Figure 5 Railroads tracks. Photo taken on 8/9/2013.
The American Bridge Company is famous for their involvement in some of the greatest engineering feats ever, including the San Francisco-Oakland Bay Bridge, the Empire State Building, the Willis Tower, and the Houston Astrodome, among several others. While clearly not significant as those works, the Buffenmeyer Road Bridge represents the several “smaller” works the bridge company partook in. The railroad is responsible for the maintenance of the bridge, however, and this might cause problems if the bridge falls into disrepair because demolition might become a very real possibility. Luckily, on the latest inspection, the superstructure was rated “Fair” and both the deck and substructure received “Satisfactory” grades.
Figure 4 Side-portal. Photo taken on 8/9/2013.
 Cridlebaugh, Bruce S. "Bridge Basics - A Spotter's Guide to Bridge Design." Bridge Basics - A Spotter's Guide to Bridge Design. Web. 10 June 2014.
 HistoricBridges.org. National Bridge Inventory Data Sheet - Buffenmeyer Road Bridge. 2009. Raw data. Westmoreland County, Pennsylvania.
A pony truss bridge allows traffic to travel between parallel superstructures which are not cross-braced on the top of the bridge. The Buffenmeyer Road Bridge has a total length of 92.9 feet with a deck width of 22 feet.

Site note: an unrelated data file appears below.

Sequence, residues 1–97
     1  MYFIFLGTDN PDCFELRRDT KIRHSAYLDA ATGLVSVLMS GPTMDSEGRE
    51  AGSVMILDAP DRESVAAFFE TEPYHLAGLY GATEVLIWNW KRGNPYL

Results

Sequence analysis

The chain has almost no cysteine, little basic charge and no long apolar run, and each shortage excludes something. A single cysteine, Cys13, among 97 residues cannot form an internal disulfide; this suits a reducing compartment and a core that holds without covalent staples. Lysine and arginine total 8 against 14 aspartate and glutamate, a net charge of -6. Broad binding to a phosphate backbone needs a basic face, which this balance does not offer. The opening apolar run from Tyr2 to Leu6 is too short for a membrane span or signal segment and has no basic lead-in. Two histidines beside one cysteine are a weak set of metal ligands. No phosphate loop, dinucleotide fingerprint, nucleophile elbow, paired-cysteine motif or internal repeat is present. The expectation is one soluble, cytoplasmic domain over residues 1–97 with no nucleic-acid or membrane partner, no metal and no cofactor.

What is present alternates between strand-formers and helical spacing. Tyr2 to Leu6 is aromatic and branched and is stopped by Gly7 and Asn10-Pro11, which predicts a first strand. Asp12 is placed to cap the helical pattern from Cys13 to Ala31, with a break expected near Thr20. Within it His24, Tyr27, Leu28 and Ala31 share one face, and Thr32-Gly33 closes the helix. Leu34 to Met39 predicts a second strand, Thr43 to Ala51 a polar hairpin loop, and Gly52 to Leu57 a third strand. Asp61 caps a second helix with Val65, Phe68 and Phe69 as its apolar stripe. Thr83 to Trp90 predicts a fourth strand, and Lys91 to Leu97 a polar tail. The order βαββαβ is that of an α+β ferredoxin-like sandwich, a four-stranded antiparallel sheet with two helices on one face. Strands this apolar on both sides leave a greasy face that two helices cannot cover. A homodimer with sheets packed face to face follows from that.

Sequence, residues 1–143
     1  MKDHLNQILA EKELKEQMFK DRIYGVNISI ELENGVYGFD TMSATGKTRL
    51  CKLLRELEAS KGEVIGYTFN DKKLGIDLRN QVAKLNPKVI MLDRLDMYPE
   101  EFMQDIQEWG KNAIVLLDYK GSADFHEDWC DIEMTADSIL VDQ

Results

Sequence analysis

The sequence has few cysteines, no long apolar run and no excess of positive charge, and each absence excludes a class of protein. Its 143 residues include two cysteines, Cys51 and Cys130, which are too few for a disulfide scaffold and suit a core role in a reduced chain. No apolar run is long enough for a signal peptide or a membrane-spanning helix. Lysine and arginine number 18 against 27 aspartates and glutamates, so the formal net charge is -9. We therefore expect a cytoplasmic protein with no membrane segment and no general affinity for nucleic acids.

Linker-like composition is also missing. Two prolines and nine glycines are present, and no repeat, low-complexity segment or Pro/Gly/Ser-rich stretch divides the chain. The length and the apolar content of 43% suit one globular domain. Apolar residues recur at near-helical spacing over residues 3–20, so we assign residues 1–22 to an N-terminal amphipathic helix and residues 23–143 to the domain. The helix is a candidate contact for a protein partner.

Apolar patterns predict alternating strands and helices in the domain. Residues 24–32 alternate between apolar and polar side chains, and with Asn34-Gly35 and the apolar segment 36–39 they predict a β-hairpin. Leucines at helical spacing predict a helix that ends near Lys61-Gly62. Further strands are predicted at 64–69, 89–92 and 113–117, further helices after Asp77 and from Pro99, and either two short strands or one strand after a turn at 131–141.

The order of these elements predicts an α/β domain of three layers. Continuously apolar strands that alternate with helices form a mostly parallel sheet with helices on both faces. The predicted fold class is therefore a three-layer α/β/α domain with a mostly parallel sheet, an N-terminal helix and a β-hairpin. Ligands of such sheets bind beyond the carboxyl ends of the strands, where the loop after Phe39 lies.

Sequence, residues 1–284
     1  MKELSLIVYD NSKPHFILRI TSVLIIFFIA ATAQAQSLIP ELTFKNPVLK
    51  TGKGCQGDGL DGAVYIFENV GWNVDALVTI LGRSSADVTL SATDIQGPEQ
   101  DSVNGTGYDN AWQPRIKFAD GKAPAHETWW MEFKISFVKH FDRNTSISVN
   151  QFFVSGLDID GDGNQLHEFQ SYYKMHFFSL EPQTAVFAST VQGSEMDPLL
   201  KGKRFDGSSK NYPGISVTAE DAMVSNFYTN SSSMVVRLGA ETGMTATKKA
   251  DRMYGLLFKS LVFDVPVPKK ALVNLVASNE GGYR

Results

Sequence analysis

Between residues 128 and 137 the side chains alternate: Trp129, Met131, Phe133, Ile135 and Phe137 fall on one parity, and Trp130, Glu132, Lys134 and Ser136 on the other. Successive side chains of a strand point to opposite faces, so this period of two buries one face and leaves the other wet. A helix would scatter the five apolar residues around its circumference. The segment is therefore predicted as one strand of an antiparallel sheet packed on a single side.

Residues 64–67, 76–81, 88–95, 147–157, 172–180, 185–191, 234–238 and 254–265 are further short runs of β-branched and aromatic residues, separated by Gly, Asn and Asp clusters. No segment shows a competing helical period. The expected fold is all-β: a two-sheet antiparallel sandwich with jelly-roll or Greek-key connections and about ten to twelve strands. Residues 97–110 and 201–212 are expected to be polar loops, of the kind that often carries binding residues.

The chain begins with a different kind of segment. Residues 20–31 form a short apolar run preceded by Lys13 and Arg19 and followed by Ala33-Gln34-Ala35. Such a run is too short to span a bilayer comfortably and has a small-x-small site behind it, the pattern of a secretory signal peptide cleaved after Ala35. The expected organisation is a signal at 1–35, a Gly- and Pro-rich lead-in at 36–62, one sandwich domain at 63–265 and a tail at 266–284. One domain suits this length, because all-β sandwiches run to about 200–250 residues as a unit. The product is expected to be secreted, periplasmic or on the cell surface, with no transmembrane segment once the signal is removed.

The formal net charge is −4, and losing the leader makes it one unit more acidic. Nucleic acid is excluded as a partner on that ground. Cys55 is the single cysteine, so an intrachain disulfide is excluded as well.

Unity Township, Westmoreland County, Pennsylvania. Buffenmeyer Road over Norfolk Southern Railroad.
Built in 1906 by the American Bridge Company of New York, New York, the Buffenmeyer Road Bridge is a steel pony truss bridge over the Norfolk Southern railroad.
Figure 1 Buffenmeyer Road Bridge. Photo taken on 8/9/2013.
Figure 7 Truss elements. Photo taken on 8/9/2013.
Figure 6 Truss elements, from below. Photo taken on 8/9/2013.
The bridge is already over one-hundred years old, owing to its design and durability. It has been rehabilitated at least once, in 1994. The National Bridge Inventory has not ruled on the historical status of the bridge, but it is an early bridge tied to the famous American Bridge Company, which adds to its historical significance.
Figure 3 Truss elements. Photo taken on 8/9/2013.
Figure 2 Portal view. Photo taken on 8/9/2013.